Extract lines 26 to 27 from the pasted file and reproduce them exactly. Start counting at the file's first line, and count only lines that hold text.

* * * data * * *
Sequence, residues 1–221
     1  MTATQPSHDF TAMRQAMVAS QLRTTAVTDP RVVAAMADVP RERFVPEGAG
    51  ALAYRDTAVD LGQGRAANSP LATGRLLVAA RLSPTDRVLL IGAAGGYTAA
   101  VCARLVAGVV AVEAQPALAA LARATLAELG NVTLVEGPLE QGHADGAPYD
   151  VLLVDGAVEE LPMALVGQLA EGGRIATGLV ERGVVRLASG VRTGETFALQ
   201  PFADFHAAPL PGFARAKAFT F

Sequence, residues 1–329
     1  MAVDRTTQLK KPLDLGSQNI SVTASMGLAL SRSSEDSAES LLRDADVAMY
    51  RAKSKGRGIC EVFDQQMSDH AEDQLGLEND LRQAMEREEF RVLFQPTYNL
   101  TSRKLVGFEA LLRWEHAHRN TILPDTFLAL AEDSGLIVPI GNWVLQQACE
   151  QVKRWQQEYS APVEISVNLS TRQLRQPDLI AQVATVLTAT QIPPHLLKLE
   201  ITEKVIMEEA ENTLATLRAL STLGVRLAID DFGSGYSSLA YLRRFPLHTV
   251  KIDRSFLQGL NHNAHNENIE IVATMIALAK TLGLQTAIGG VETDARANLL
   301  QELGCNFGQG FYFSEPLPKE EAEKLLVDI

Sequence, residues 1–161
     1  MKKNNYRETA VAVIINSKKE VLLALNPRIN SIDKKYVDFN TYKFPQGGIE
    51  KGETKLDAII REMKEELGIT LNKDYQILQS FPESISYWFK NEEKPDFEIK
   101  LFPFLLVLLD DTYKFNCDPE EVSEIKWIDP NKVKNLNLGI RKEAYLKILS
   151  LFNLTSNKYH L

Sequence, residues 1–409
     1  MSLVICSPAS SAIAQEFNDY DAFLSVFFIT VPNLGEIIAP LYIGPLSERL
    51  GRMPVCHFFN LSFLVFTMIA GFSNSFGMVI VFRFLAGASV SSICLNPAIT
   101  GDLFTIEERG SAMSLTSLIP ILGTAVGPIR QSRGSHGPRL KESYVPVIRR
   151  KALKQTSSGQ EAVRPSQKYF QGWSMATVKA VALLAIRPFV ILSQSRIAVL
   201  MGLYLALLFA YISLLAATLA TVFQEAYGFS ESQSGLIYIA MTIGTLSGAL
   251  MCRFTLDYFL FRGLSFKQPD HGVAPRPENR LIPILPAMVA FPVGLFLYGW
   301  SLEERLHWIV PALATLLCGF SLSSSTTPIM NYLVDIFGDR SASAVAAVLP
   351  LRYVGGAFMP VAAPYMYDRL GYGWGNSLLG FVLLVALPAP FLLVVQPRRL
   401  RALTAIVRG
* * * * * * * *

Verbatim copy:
   251  MCRFTLDYFL FRGLSFKQPD HGVAPRPENR LIPILPAMVA FPVGLFLYGW
   301  SLEERLHWIV PALATLLCGF SLSSSTTPIM NYLVDIFGDR SASAVAAVLP